Photos and Metadata Geotagging

10 October 2013 by Andie Dodd

Back in July, we added a small but very useful detail to how photos are displayed in the Fulcrum web app; all EXIF data can be shown while viewing a photo. This geotagging information includes device make/model, software, photo dimensions, date, altitude, direction, latitude/longitude, and even distance to record.

EXIF info

To display this data, simply go to the records visualization screen in the web app. Pull up either the table or split view, and click on a photo from one of the records. To the left of the photo, click on ‘Show Image Data’. A map appears, showing where the photo was taken and highlighting where the record was recorded. The rest of the information is displayed below the map.

Show image EXIF data

The most obvious advantage to displaying this metadata is that it allows for verification of the accuracy (or proves the inaccuracy) of the collected data. Having the location and date of the photo capture proves that the collector was in the field taking this picture, on the same day the record was created.

The really awesome aspect about this feature is that each photo is tagged with its own location data, independent from the parent record. This, along with the rest of the information, adds a whole other level of detail to your data collection process. For example, if someone is inspecting a construction site, they might have one record for the site and multiple photos of various issues in different areas. Without leaving the web app, a supervisor in the office can view exactly where on the site the photo was taken, and possibly send someone else out for a closer look.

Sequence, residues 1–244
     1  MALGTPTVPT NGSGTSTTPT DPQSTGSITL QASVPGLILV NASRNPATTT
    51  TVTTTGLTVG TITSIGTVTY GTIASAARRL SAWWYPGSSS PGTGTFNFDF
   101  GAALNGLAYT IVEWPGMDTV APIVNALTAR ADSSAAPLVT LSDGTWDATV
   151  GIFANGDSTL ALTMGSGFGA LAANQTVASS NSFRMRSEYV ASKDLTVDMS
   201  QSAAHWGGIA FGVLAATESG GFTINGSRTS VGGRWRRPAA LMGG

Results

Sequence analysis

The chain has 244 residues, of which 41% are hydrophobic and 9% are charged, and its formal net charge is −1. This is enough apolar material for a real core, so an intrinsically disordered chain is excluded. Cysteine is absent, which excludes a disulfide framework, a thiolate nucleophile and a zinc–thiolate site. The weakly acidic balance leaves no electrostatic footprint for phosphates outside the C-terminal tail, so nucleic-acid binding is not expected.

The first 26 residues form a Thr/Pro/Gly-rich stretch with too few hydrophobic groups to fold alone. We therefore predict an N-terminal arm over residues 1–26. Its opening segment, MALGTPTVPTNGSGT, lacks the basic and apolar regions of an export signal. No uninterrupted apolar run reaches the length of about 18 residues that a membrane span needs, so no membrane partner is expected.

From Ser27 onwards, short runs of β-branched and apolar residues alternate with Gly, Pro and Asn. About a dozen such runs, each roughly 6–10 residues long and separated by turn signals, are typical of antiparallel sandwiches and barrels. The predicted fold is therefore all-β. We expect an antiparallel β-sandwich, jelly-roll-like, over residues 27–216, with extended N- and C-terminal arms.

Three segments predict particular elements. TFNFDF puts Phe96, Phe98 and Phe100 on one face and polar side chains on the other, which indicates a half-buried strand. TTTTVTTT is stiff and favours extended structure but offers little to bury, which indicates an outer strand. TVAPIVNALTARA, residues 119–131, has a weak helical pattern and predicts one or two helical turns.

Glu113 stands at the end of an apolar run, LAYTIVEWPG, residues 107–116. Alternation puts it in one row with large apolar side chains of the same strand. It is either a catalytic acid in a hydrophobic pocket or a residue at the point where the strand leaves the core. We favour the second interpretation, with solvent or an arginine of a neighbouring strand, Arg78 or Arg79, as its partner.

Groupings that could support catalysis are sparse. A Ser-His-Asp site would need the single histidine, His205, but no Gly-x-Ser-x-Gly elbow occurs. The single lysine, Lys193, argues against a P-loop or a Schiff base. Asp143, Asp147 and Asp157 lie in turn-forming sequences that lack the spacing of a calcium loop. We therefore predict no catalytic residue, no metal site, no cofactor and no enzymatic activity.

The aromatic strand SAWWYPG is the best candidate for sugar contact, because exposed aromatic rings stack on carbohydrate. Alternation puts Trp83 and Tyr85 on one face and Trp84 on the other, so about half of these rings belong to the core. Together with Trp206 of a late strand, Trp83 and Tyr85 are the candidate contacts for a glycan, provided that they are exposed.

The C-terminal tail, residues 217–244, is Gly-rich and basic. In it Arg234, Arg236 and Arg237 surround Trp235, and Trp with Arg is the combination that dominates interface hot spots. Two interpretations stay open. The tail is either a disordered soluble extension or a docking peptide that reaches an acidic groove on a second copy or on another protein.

After downloading a photo, you can view the EXIF data, including a map showing the location, in many regular photo viewing programs.

Viewing location on iOS

Viewing GPS data on Android

We hope that this feature comes in handy for our users. How do you anticipate using the EXIF data in your field work?

About the author

Andie is a geographer at Spatial Networks, working on analytics and GIS projects. Also a self proclaimed ‘tea snob’ in an office full of coffee drinkers.

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